Level of DNA double-Strand break rejoining in chinese hamster xrs-5 cells is dose-dependent: Implications for the mechanism of radiosensitivity

G. Iliakis, R. Mehta, M. Jackson

Research output: Contribution to journalArticle

44 Scopus citations

Abstract

Rejoining of DNA double-strand breaks (dsb) was measured in a dsb repair-deficient mutant of CHO cells, xrs-5, after exposure to various doses of X-rays in the range between 15 and 50 Gy. For the experiments plateau-phase cultures were employed and dsb assayed by a pulsed field gel electrophoresis assay, the asymmetric field inversion gel electrophoresis (AFIGE). The half-times of dsb rejoining were larger in xrs-5 than in parental CHO cells and increased in both cell lines with increasing dose of radiation. The fraction of dsb remaining unrejoined after 240 min incubation at 37°C was also higher in xrs-5 than in CHO cells, but decreased with decreasing dose of radiation. Although a decrease in the fraction of unrepaired dsb with decreasing dose has also been reported for repair-proficient cell lines, the extent of the phenomenon and its dependence on dose are entirely different in xrs-5 cells. We propose that this decrease in the fraction of unrejoined dsb with decreasing dose of radiation derives from the genetic alterations underlying the increased sensitivity to radiation of xrs-5 cells, and should be considered whenever results at the DNA level are correlated to results at the cell level. It is likely that similar responses will also be observed in other radiation-sensitive mutant cell lines deficient in dsb repair. There was no difference in the induction of dsb per Gy and dalton, as measured with AFIGE, between CHO and xrs-5 cells tested either in the exponential or in the plateau phase of growth.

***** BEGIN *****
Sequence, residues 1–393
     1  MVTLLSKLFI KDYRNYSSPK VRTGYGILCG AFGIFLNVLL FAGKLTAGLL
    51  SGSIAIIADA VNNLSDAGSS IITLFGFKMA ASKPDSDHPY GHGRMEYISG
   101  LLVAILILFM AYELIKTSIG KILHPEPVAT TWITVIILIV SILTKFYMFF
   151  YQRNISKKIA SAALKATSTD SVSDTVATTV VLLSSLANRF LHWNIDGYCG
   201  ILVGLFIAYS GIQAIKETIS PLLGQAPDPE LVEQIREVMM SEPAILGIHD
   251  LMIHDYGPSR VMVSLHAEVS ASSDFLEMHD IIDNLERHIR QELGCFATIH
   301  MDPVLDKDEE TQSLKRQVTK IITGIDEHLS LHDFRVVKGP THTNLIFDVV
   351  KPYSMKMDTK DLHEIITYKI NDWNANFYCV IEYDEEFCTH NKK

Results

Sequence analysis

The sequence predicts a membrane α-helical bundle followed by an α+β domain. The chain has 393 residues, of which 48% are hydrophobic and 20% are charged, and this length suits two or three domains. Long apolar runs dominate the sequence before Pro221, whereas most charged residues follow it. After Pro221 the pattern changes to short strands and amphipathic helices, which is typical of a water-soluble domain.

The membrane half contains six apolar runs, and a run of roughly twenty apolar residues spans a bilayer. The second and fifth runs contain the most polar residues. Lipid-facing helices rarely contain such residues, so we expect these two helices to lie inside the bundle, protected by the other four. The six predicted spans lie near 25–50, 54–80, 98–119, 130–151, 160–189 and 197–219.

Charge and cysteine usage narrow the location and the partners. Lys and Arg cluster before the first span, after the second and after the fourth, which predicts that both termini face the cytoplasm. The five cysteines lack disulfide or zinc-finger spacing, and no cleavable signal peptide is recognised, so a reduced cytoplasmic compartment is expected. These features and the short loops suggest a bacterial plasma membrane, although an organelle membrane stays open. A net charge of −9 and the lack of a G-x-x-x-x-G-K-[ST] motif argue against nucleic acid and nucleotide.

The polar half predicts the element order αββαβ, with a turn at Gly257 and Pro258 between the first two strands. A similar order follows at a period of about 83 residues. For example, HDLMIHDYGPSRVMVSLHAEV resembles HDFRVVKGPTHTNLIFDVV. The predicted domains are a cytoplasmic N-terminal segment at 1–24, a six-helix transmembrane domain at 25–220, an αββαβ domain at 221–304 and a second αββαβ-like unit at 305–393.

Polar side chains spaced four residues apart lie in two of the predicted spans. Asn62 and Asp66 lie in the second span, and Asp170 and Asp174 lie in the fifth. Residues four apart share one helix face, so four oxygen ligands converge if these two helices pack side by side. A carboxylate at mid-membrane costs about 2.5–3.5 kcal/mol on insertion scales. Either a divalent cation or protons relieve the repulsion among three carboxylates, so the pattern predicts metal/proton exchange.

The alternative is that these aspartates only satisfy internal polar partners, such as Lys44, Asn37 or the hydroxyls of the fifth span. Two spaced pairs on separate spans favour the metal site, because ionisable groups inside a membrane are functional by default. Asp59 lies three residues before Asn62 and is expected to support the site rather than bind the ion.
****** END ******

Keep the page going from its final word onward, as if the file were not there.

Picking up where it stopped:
Original languageEnglish (US)
Pages (from-to)315-321
Number of pages7
JournalInternational Journal of Radiation Biology
Volume61
Issue number3
DOIs
StatePublished - Jan 1 1992
Externally publishedYes

ASJC Scopus subject areas

  • Radiological and Ultrasound Technology
  • Radiology Nuclear Medicine and imaging

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